Description of the incident
A two-man team was carrying out gamma radiography on a construction site using a 1.85 TBq iridium-192 source in a remote exposure container. A set of three exposures had been completed before radiation monitoring by one of the radiographers revealed that the source had remained at the end of the guide tube after the final rewinding.
At the end of each exposure, the end of the guide tube would have been repositioned and the films changed. The lead radiographer would have been very close to the source during these operations. The contingency plan to recover the source was put into action by the radiographers. Both operators were wearing personal dosemeters but not alarm monitors.
Subsequent reconstruction of the incident suggested that the source pigtail had not been connected to the wind-out cable by the radiographer, and had simply been pushed to the end of the guide tube where it had remained for all three exposures.
Whole body doses were obtained from the personal dosemeters worn by the two radiographers. A reconstruction of the incident was carried out in order to estimate doses to the hands:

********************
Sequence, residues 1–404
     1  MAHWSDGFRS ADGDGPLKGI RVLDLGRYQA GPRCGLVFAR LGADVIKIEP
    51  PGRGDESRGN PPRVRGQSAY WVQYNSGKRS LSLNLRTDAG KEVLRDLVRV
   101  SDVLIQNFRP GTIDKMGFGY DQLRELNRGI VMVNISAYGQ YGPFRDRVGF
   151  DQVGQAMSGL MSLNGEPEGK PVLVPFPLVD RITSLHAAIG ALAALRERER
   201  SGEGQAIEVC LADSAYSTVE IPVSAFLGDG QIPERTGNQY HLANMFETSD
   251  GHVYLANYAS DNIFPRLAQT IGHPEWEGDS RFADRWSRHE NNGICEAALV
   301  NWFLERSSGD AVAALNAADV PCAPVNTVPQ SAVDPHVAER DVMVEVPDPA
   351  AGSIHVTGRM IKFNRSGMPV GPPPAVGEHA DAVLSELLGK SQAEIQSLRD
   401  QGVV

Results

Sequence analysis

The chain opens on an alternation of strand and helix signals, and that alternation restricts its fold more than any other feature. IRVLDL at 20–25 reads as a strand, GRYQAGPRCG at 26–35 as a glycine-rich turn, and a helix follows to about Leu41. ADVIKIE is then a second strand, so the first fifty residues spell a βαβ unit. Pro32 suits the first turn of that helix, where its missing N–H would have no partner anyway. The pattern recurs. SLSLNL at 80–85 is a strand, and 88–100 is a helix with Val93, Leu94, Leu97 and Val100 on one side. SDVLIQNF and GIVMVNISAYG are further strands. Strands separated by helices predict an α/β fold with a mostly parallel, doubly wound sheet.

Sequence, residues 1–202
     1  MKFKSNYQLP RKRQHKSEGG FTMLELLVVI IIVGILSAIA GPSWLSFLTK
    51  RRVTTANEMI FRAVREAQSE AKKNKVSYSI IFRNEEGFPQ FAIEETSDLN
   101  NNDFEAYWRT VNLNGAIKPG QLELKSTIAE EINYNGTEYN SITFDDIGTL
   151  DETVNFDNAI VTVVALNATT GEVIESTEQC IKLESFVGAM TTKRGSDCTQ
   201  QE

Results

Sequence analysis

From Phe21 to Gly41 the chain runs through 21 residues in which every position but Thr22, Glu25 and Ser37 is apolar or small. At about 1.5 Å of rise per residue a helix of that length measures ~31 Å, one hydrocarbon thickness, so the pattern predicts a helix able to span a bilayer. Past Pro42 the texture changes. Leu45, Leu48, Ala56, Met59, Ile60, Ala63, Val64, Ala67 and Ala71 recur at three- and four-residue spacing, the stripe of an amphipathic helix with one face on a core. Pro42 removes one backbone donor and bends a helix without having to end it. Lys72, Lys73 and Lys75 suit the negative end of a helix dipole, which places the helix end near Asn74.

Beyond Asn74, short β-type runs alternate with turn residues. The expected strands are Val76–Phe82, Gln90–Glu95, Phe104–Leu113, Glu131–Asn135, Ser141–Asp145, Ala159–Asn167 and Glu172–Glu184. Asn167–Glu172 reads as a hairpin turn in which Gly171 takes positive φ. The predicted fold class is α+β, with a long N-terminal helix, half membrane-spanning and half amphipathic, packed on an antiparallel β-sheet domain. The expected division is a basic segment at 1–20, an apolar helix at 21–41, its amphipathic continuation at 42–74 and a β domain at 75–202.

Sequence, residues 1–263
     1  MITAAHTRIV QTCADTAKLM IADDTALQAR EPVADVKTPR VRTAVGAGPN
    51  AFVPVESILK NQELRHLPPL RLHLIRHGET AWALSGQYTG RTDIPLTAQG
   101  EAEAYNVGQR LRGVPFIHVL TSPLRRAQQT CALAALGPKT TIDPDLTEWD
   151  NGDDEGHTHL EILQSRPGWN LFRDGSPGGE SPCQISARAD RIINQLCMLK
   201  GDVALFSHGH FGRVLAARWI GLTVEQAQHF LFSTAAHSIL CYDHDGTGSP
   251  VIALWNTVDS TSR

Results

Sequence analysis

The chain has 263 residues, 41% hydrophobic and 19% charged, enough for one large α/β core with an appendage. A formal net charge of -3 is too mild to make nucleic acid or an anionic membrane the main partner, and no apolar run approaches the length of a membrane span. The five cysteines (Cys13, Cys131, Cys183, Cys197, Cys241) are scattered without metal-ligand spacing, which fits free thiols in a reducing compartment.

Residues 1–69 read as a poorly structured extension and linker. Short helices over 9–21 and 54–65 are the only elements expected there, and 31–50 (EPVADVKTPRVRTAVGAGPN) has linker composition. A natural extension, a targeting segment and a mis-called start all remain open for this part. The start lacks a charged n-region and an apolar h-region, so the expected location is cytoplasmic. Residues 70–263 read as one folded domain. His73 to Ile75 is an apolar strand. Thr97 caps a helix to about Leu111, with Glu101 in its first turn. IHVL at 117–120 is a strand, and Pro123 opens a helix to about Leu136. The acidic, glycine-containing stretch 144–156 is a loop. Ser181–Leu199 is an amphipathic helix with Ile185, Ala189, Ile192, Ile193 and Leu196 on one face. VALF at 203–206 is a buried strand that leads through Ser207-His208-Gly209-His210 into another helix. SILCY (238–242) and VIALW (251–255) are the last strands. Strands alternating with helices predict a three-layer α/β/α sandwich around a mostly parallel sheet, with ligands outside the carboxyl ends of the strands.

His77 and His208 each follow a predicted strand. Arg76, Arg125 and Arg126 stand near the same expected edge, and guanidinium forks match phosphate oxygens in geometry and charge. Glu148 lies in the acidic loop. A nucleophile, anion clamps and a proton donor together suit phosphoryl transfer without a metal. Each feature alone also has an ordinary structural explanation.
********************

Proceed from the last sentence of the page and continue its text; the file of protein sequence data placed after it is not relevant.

- Lead radiographer:
Whole body 43 mSv
Hands 200 mSv
- Second radiographer:
Whole body 2.9 mSv
Hands 3 mSv
Radiation monitoring MUST be carried out after EVERY exposure. Had this been carried out, doses would only have been received during the subsequent source recovery, and would have been significantly lower.
With modern gamma radiography projection containers it should be impossible to expose the source unless the source pigtail is connected to the cable (see photograph). In this particular incident this was not the case (although the connector dimensions were within the manufacturer’s specifications, and the equipment was considered to be in good condition). Whatever the equipment type, care must always be taken when connecting the source pigtail to the wind-out cable and reliance should not be placed upon interlocking or similar mechanical mechanisms.
Personal alarm monitors should always be worn during site radiography.